Friday, November 30

#tweeting in #scotland on #standrewsday

Scots are making full use of Twitter to mark St Andrew's Day.

For a comprehensive overview, I used Trendsmap to research how Scottish tweeters differ from the English.
In genteel England, top Twitter searches and hashtags reflect English civic and national pride. Even so, they manage to work in a reference to Scotland's patron saint (the Duchess of Cambridge met her Prince at St Andrew's University).


Glasgow Twitter topics express traditional Scottish interests:


Over in Edinburgh, what the toffs of Scotland tweet about:


Tuesday, November 27

Sunday, November 18

parties, pints, pipes and plungers

For a while there I stopped mentioning beer on this blog, while some of the readership was drying out. On the way to an xtieth birthday party last weekend, the cellmate suggested, without prompting, that I pick up some weissbier to make the celebrations bearable for myself. She can be a sweetie. Weihenstephaner was on special, at only 6 times the price they charge in Bavaria.

There were only about 20 people there, quite human mostly, so the party turned out to be only mildly unbearable, and I didn't need to open the weissbier, or even get it out of the car. And so tonight I've just poured myself one, as a reward for my hard work on the blocked sewer. But even after several hand washes I've had to forgo the usual salted nuts and nibbles on sanitary/olfactory grounds.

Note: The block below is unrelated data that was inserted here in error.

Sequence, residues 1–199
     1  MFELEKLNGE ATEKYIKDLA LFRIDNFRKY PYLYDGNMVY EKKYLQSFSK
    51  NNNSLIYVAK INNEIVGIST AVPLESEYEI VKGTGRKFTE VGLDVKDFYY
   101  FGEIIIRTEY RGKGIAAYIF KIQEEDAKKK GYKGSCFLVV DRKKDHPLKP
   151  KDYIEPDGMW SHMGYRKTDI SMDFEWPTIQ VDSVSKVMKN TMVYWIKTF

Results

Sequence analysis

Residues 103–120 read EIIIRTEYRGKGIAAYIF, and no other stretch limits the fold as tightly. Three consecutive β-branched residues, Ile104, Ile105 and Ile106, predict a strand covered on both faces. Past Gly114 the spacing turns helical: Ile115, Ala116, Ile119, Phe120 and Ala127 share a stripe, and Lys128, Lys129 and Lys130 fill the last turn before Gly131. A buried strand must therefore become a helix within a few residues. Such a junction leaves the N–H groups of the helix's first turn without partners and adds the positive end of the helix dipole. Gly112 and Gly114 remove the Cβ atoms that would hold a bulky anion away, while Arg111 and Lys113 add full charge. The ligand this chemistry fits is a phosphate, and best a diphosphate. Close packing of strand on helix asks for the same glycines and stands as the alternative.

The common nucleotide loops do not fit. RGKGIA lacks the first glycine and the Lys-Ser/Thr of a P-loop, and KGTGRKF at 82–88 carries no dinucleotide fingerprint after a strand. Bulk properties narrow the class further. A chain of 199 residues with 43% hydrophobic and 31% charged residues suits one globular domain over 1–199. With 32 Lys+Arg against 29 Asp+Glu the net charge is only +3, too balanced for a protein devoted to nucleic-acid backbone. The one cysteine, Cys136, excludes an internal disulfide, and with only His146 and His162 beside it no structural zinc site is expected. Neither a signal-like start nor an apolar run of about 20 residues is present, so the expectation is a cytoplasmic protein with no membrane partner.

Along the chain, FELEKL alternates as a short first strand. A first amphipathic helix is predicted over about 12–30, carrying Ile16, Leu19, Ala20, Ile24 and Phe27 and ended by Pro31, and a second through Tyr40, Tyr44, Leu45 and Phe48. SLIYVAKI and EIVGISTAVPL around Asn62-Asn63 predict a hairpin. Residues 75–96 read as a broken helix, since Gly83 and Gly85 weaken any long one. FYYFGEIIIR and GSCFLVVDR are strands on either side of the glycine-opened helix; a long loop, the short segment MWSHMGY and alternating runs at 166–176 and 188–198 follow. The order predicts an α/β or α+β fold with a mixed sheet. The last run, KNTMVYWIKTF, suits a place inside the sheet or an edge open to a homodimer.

It all began a few weeks ago, with the plumber who put in the new toilet. He has a bit of an anger management problem. He flooded the floor a couple of times, and though it wasn't his fault he went spare each time. You'd think a plumber would be used to spillages, but no: each time, he was wailing and shouting and throwing things. He seemed on the verge of tears.

Then at one point he announced, almost proudly, that he had just dropped a bit of the old sink drainpipe through the hole in the floor, and down into the sewer. He said "I'll need to get it out - can't leave something like that down there". A few minutes later, I went back to ask if I could help. He said no, he had got the pipe out already. I knew it wouldn't be possible to fish it back out through the wee hole, so I said "I suppose you had to reach around through the big (toilet) hole, eh?" At that point he wasn't too sure which hole he'd used. That's when I realised he'd decided just to leave the pipe down there.

The next day, the stench started in the garden, and today I finally got around to opening up the vents at the downhill end of the garden. They were already bulging and popping their rivets under the pressure from below. I'll spare you the details.

I'm pleased to say that the heavy duty plunger that I made out of an old coffee tin and a pole, is exactly the same bore as the vertical shafts above the sewer, and works beautifully, like a giant bicycle pump.

I've cleared the downhill blockage, but there seems to be another blockage back up towards the house.